The Trailhead at Theodore Wirth Park is about to get a new restaurant.
Mill Valley Market, a counter-service operation, could be up and running as soon as the Fastenal Parallel 45 Winter Festival and the cross-country ski World Cup, March 14-17.
The restaurant (1221 Theodore Wirth Pkwy., Mpls.) is a spinoff of Mill Valley Kitchen in St. Louis Park.
"We're going to echo some of the same ethos as Mill Valley Kitchen," said chef/owner Mike Rakun. "Healthy, nutrient-dense food that fuels the active lifestyle of the people that Trailhead brings in."
Rakun and his wife, Abby, also own Benedict's in Wayzata and Rochester, and Mercy in downtown Minneapolis.
Mill Valley Market will be open daily from 7 a.m. to 9 p.m., serving breakfast, lunch, dinner, bar snacks, beer and wine and grab-and-go options.
It replaces Cajun Twist, which left the Trailhead with plans to open a stand-alone restaurant in south Minneapolis.
A cross-country skier friend of Rakun's convinced him to apply for the space, which is operated by the Loppet Foundation.
"The Theodore Wirth area is a gem," he said. "It's so close to downtown, but you feel like you're in the woods. It's an amazing opportunity."
The Park Board approved the plans Feb. 5.
In the morning, there will be breakfast burritos and breakfast tacos, egg sandwiches, avocado toast, overnight oats, granola, muffins and breakfast breads.
For lunch and dinner, look for soup and vegan chili, seasonal salads (starting with grilled plum, spinach and goat cheese), sandwiches and wraps, hummus, fries, chips and popcorn. There will also be three kinds of burgers (beef, salmon, and beet-mushroom).
Dessert will be housemade cookies and ice cream sandwiches.
The counter will also serve beer and wine, kombucha and cold-press taps and organic, fair-trade coffee.
"There's a lack of coffee in that neck of the woods," Rakun said.
The menu will be limited for the winter festival weekend, with an official launch sometime the following week.
Growler law darkens event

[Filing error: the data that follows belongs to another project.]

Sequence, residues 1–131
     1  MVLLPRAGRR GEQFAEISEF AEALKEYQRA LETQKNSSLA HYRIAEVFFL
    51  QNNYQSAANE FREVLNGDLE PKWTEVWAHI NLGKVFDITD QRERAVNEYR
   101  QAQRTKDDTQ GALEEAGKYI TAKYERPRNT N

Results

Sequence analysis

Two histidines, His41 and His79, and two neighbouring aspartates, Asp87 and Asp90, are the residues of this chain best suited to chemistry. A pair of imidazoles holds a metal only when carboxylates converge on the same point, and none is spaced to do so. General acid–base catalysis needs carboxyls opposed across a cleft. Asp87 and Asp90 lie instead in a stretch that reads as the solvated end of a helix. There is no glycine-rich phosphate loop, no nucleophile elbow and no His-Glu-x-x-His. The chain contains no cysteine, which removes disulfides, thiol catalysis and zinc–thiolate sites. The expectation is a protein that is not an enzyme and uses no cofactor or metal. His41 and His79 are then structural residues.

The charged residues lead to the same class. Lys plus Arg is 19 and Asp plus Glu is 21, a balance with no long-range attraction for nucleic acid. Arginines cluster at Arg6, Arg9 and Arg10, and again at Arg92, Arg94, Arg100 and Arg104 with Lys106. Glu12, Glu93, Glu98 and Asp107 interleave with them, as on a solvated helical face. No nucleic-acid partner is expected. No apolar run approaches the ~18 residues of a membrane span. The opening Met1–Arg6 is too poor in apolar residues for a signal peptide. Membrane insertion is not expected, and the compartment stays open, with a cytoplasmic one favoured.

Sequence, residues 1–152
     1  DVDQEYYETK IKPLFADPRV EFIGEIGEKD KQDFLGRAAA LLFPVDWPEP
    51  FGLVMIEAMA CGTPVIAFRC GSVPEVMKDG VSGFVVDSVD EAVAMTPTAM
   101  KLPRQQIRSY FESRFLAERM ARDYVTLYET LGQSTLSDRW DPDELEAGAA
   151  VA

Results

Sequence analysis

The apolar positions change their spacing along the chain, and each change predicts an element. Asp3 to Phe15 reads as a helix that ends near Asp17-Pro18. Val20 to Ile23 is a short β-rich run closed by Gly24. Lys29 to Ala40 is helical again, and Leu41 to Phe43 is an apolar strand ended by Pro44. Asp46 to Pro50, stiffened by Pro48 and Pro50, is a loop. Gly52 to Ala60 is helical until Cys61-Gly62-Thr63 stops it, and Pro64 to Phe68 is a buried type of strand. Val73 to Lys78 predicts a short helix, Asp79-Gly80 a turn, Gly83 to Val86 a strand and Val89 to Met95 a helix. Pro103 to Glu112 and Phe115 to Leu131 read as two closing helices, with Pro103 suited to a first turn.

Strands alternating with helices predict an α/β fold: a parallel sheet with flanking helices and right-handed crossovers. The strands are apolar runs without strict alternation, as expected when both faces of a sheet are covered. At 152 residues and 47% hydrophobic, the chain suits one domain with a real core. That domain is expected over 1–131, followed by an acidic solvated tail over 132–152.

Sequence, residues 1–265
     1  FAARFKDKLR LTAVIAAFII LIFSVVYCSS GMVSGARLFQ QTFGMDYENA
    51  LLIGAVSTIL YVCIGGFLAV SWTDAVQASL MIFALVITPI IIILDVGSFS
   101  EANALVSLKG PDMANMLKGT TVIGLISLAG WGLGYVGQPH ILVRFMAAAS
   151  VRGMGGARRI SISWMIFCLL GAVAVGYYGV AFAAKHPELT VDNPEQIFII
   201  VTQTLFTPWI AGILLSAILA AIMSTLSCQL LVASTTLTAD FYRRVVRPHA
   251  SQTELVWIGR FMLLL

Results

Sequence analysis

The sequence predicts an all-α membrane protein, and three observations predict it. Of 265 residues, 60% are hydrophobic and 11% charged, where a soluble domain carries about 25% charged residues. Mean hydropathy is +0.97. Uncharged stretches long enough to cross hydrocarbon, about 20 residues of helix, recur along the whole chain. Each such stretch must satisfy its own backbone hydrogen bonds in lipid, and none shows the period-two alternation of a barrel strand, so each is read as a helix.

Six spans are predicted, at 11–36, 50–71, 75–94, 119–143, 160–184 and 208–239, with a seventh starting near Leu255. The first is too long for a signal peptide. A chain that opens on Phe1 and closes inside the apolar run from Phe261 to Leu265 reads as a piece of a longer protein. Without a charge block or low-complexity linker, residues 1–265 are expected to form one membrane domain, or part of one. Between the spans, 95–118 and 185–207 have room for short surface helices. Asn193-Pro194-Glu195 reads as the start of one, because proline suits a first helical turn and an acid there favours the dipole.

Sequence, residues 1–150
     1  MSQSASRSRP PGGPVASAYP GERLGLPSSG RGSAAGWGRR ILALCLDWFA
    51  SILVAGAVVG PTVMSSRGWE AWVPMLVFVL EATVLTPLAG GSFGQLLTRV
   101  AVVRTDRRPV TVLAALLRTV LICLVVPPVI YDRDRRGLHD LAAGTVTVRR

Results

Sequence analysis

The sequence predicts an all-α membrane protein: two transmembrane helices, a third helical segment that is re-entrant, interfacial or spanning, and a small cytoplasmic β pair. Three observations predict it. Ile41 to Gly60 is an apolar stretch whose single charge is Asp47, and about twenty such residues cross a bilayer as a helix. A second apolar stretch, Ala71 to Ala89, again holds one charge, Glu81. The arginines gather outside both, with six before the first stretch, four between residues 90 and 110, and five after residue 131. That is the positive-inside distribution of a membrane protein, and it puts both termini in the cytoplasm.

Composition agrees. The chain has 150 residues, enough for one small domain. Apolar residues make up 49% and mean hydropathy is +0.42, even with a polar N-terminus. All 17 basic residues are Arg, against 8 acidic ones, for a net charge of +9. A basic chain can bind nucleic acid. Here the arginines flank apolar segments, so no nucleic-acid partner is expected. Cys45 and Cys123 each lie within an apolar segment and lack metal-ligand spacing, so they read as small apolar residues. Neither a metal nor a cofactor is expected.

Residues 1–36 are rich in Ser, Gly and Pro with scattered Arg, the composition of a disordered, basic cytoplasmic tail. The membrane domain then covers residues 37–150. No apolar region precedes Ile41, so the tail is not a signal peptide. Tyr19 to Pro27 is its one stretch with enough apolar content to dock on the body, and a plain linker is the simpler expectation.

Things could get very dark for beer lovers.
Surly Brewing Co. is suspending its 2020 installment of Darkness Day, a celebration of its yearly batch of Russian imperial stout. The two-day party and metal concert evolved out of earlier release days, when the black beer's most committed fans would flock to the brewery to buy it.
The hiatus, which Surly announced in an e-newsletterlast week, cites state laws that prevent the brewery from selling the beer directly to consumers in Minnesota. The law prohibits large breweries (those making more than 20,000 barrels a year) from selling 64-ounce growlers filled in their taprooms.
As the state's third largest brewery — it produced 112,000 barrels in 2018 — Surly is a vocal opponent of the barrel threshold.
For the past two years, Surly was able to avoid the issue by holding Darkness Day in Wisconsin. Now, it wants to move the two-day festival back to Minnesota — but it won't until state law changes.
"Every brewery that has a bottle release has it at the brewery, across the country. That's kind of how you do it," said Surly founder Omar Ansari. "We haven't been able to do that because of the growler issues."
Two state representatives introduced a bill Monday to raise the limit to 40,000 barrels. That wouldn't help Surly, and the Minnesota Craft Brewers Guild is pushing a bill that would allow all Minnesota breweries to sell growlers, no matter the size.
"Knowing that was something they were going to bring forward, it seemed like a good time to put in our two cents," Ansari said about the timing of the announcement.
Darkness Day began organically more than a decade ago, when fans of the beer congregated outside the brewery in the early morning cold so they could purchase the beer on the day of its release.
Over the years, the event grew larger, and Surly moved it in 2018 from its Minnesota production facility to an amphitheater in Somerset, Wis.
"We thought it would be great to have a beer festival, to add some components we didn't have and control bottle sales a little more," Ansari said. But the event drew fewer people than anticipated, and getting Surly staff and vendors to Wisconsin proved to be complicated.
"If we did it here at the brewery, where we have all the infrastructure — food, restrooms, parking — I think we could make an event that would be pretty spectacular," Ansari said. "But we can't do it for Darkness Day."
Surly Darkness will continue to be brewed and sold in liquor stores.
The fall event takes several months to plan, but "we can react quickly if there was a change to the law this year," Ansari said. He's just not sure. "There are so many pieces to this, I don't know."
Ansari knows the loss of the festival, even if it's temporary, will be hard on fans.
"This is something that's been a big part of Surly," he said. "It's the fans that made it grow. It's who we are."
Sharyn Jackson • @SharynJackson
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